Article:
Ruby Wax has recently launched her new book – a fun, accessible guide to what this mindfulness ‘stuff’ is all about and the neuroscience evidence behind it. I particularly like her quote:
“If we don’t advance our more human qualities then we’re doomed evolution-wise to become cyborgs, with an imprint of an ‘Apple’ where our hearts used to be.”
Buy ‘A Mindfulness Guide for the Frazzled’ from Amazon here.
For more help on mindfulness in moments of stress (perhaps when you are about to give an important presentation or attend a critical meeting), here’s a link to a very practical tool. It’s incredibly simple, only takes a moment (actually just one minute), and could help you find both the composure and the energy you need to give a great presentation.
The One-Moment Meditation (OMM) app by author Martin Boroson, says:
“OMM is based on a very simple but powerful principle: you really can make a significant change in your state of mind quickly. Just take a minute to tune in… and bring your mind back to the moment.
You can use the OMM app to reduce stress, improve focus, or boost your productivity and health. With its one simple exercise, which just gets better over time, you’ll be able to recharge your batteries and find a bright, calm, and clear state of mind—anytime, anywhere. You will see how taking just a brief pause to restore your attention can help you do everything better.”
On our presentation coaching courses, we blend brain science, positive psychology and advanced communications skills to help leaders become exceptional communicators. You can work with us one to one or in groups. Contact us to find out more.
I don’t often read autobiographies but couldn’t resist Sue Perkins’ new book ‘Spectacles’ – I love her sense of humour and was keen to find out more about her life and how she got into comedy. I’m now half way through and I’m so glad I did – I’m a sucker for an eye-catching cover and her writing style is incredibly readable and funny.
One of my favourite chapters in the book so far is when Sue meets her comic partner, Mel Giedroyc. She talks about their worst four performances at the start of their partnership, back in the 1990s; a long time before they started saying “Bake!” on our screens.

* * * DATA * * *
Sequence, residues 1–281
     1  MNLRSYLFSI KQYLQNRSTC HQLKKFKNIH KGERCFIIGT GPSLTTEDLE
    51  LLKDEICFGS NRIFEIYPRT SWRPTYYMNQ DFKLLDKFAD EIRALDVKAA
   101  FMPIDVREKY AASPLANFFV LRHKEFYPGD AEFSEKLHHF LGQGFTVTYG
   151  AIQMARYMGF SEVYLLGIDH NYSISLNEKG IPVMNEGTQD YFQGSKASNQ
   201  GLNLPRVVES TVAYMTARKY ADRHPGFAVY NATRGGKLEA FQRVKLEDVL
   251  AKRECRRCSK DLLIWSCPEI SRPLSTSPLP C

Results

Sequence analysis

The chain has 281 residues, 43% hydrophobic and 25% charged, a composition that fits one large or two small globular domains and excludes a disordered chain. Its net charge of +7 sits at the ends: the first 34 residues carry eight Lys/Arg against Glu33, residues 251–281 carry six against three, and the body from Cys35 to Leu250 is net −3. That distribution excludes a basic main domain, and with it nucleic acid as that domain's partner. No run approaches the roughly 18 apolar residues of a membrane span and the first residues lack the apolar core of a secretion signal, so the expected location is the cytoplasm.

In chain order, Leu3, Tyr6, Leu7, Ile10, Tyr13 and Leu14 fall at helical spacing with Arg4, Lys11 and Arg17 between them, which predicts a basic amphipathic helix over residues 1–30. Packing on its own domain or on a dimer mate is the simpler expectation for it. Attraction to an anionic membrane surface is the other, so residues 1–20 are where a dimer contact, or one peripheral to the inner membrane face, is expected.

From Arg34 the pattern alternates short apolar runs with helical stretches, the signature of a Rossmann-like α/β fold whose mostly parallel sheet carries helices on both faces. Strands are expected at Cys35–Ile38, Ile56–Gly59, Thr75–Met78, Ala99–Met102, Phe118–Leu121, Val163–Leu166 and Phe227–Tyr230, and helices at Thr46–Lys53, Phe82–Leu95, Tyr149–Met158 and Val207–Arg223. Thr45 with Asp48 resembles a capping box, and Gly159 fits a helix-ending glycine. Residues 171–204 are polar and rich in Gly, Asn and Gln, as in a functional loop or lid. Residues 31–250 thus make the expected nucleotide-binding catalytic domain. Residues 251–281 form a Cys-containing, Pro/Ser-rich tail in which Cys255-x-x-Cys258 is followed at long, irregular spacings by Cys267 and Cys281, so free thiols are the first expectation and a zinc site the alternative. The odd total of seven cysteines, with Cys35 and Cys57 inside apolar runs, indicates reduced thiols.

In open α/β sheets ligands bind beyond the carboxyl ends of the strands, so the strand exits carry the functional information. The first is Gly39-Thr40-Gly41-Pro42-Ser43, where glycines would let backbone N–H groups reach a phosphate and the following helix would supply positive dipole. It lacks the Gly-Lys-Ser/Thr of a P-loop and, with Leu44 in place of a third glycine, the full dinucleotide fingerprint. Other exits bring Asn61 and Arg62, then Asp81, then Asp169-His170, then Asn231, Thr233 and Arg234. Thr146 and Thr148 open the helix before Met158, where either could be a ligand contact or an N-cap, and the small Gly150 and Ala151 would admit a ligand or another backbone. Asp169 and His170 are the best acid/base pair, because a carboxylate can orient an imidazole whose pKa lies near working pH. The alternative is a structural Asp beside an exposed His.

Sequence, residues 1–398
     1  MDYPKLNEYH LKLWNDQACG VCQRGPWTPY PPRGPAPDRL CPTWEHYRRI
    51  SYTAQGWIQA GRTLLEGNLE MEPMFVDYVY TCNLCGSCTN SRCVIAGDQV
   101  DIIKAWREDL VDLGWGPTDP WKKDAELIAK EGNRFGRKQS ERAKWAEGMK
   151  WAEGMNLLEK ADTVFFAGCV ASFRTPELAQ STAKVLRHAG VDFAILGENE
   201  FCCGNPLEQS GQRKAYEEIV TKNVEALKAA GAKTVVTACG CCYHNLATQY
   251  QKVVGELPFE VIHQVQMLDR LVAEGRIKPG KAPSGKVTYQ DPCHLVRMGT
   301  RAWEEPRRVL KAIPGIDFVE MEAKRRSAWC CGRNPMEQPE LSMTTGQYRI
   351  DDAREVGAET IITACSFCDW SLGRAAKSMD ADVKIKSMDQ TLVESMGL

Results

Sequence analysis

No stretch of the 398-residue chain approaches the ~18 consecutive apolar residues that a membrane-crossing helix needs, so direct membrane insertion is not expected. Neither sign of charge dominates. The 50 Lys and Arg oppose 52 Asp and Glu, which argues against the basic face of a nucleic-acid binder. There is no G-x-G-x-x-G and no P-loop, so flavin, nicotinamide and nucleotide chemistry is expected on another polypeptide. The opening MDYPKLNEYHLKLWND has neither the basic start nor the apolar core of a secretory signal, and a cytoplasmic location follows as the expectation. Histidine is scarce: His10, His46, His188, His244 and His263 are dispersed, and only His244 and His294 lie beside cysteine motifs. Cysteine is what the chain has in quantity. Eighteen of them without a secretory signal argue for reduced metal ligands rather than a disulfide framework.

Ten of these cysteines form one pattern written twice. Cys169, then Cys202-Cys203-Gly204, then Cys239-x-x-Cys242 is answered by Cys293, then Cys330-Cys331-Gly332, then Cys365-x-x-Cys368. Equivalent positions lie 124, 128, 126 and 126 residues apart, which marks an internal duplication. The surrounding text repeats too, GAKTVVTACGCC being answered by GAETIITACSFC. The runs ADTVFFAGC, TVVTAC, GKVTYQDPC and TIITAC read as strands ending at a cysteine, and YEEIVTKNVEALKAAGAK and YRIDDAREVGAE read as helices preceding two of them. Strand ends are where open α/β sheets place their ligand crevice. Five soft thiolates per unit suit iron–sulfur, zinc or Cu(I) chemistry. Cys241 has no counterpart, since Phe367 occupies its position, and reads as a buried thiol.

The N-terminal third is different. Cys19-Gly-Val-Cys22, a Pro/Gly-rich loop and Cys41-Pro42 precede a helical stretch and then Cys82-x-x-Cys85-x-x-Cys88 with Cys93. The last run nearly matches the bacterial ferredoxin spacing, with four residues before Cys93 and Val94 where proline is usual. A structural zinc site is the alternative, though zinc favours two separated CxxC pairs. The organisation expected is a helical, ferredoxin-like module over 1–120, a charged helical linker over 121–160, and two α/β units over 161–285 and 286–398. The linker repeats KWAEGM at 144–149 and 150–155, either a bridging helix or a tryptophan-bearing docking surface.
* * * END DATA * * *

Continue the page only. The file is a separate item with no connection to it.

The tales are hilarious (in their awfulness at least!) This is partly due to the types of audiences they performed to and partly due to the description of what happens to Mel when they are about to go on stage and she has to deal with her nerves. Sue says,
“It is exactly at that point, on the cusp of starting a show, that Mel’s bowels swing into action.”
Not 5 minutes before, when they had time to prepare (and were near the toilets!), but at the exact point when they are being called to go on stage. Good timing!
It could be just the same when you are about to present at work – how do you deal with your nerves? Do you prepare yourself for how your anxiety will affect you? Or do you leave it until the last minute like Mel?! We have put together a ‘Manage Your Presentation Nerves’ checklist as part of our Big Checklist Series – with some essential tips on how to manage your nerves when you present – click here for the PDF.
I hope you find these tips useful. Enjoy your presenting, and maybe put Sue’s book ‘Spectacles’ on your Christmas list?! I’m personally looking forward to one of the final chapters, ‘I Am Become Cake, the Destroyer of Midriffs’! Buy the book on Amazon here.
On our presentation coaching courses, we blend brain science, positive psychology and advanced communications skills to help leaders make this a reality. You can work with us one to one or in groups. Contact us to find out more.
Think of Wimbledon winner Novak Djokovic. One of his key strategies is how he manages his mind so he can perform under pressure.
Now neuroscientists have come up with an evidence based approach to bust our nerves and fears – for presentations and other situations too. We’ve created a system for you in this Big Checklist.
Here are the highlights:
Before an emotion kicks in
- Get briefed – certainty calms the brain
- Face the fear – understand your personal ‘hot spots’
- Use brain training – it helps improve focus
- Change your physicality – open confident poses will reduce your cortisol stress levels
After an emotion kicks in
- Don’t ignore it – suppressing doesn’t work
- Label it – just with one or two words. This dampens down the automatic limbic system
- Flip it – find another way of looking at it. Reappraisal is good for heavier emotional loads.
You can be an exceptional communicator. It’s absolutely possible. Find out more about our presentations, personal presence and gravitas course here.
You can manage your nerves by flipping how you think about that presentation or important meeting.
The idea is create some perspective, inject some realism and challenge your own thinking. Ironically, if you are more relaxed and less desperate for the outcome you are more likely to get what you want and you’ll certainly enjoy the experience more.
Try one of these reframes for some common angsts or invent your own.
- I’m excited v I’m nervous
- They want me to succeed v I’m being judged
- I can really help these guys v I must succeed and impress
- I will find another opportunity v I can’t fail
- I can advise but it’s their choice v they must do this
- They would be lucky to get me v I must get the role
What do you do to overcome nerves and do a great job when you are under pressure? We’d love to hear from you.
Extracts taken from the KineticFuture Advanced Leadership Communications Programme – get in touch if you’d like to know more.